Catholic militancy in Europe between 1870 and 1914
- A family that is closely linked with the US authorities
- A strong commitment to the American political and economic life
- The incarnation of the "model family" in the American myth of the Kennedys
- A controversial ?clan?
- The hidden faces of the Kennedy clan
- The end of a myth?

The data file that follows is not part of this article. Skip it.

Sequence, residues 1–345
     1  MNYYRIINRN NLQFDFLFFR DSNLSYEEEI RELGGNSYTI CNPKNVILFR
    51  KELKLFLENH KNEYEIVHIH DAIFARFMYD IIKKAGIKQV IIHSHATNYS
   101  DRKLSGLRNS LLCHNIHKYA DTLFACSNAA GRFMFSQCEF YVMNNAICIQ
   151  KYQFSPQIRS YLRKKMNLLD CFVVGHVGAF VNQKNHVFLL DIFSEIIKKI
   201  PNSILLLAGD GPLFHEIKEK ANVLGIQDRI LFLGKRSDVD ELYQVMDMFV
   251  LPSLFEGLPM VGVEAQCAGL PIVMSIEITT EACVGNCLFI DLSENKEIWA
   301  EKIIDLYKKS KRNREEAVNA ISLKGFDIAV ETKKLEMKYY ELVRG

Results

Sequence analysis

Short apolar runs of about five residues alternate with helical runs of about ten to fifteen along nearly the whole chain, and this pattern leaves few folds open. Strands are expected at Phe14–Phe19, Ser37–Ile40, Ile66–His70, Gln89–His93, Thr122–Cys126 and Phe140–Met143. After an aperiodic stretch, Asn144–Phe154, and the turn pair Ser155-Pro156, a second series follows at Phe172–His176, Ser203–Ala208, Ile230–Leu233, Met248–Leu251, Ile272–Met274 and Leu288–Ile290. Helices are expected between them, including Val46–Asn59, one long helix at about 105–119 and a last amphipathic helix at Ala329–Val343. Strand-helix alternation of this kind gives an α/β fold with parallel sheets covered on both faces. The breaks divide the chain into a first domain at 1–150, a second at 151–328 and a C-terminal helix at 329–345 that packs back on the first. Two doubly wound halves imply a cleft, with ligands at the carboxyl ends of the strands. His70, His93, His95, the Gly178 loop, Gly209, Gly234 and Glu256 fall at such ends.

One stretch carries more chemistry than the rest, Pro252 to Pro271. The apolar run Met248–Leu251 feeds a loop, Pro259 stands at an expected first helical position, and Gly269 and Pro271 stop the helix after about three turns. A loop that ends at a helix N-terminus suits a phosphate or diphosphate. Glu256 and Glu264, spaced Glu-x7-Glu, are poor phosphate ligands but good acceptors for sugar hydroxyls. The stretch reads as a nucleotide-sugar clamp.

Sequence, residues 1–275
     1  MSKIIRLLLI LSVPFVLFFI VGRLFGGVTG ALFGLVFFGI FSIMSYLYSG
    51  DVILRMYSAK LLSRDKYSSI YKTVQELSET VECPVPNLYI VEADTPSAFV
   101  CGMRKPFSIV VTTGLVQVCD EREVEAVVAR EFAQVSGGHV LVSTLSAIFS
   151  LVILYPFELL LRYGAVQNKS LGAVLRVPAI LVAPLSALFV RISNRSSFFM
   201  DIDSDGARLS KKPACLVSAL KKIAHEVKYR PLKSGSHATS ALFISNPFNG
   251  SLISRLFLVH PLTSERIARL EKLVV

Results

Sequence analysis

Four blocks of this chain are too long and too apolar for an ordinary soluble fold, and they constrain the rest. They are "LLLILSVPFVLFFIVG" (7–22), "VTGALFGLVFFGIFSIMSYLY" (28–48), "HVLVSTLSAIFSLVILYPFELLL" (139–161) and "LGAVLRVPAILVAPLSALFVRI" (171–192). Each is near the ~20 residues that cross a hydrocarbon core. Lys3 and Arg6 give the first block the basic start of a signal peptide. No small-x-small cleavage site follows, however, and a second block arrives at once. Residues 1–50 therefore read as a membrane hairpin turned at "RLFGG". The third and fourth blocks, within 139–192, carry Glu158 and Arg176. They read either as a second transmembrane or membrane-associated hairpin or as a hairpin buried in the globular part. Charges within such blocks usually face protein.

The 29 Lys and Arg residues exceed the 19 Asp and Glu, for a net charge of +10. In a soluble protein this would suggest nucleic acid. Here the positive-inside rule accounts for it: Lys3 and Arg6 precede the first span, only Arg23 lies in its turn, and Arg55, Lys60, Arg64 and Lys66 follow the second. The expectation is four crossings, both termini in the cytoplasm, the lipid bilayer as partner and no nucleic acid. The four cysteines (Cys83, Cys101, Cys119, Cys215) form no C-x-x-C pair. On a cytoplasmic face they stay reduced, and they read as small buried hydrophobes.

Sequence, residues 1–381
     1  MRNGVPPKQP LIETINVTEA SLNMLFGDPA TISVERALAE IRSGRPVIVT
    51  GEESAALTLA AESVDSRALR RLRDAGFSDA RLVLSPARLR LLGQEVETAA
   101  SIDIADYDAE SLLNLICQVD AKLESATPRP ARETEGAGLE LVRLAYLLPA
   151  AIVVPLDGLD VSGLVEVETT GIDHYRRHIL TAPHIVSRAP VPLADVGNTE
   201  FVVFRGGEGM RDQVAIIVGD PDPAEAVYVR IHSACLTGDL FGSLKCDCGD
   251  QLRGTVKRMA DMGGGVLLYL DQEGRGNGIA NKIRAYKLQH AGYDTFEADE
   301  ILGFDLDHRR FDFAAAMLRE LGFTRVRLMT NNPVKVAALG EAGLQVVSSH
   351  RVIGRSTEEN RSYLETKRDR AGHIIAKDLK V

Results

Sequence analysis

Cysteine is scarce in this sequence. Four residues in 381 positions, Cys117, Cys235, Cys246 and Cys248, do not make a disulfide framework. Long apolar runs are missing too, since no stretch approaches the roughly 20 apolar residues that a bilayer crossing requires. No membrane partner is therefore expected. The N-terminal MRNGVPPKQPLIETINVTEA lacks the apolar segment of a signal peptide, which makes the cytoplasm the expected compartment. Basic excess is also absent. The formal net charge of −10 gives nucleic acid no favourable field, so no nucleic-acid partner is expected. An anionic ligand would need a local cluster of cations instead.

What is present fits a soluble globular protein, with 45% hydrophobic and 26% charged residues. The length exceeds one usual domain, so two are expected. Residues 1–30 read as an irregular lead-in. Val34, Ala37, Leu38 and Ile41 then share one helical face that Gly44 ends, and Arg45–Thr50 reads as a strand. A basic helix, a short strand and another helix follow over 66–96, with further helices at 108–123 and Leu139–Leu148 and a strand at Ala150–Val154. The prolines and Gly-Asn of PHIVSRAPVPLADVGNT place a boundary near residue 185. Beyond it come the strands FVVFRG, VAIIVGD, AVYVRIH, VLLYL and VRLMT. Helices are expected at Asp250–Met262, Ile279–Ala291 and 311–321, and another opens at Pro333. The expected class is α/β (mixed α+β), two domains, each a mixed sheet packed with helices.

The "disenchantment of the world" as theorized by Max Weber describes very well the crisis of religion - and Christianity in particular - in the latter part of the 19th century. Challenged the philosophical point of view from outside, by positivism, as well as from within by modernism, the Catholic Church saw its temporal power disappear with the occupation of Rome. Then an institution at risk declined around an intransigent fundamentalism that made anti-liberalism activist the raison d'être. However, it was from this liberalism that Catholics had developed a vision of modernity and offered the proletarian masses a project with the aim of social reform. However, if the emerging "Christian Democracy" had struggled to invest in the political arena in an unfavorable context, it was in this period of crisis that the Catholic Church succeeded in giving birth to an associative network and provided not only economic roots in contemporary societies but also the success of Catholic activism to take over Europe after two world wars. We will therefore demonstrate how, from a rejection of bourgeois modernity, militant Catholicism is the bearer of a social doctrine and policy. We also see how it can influence this same modernity by posing as an alternative to plutocratic individualism than materialistic socialism.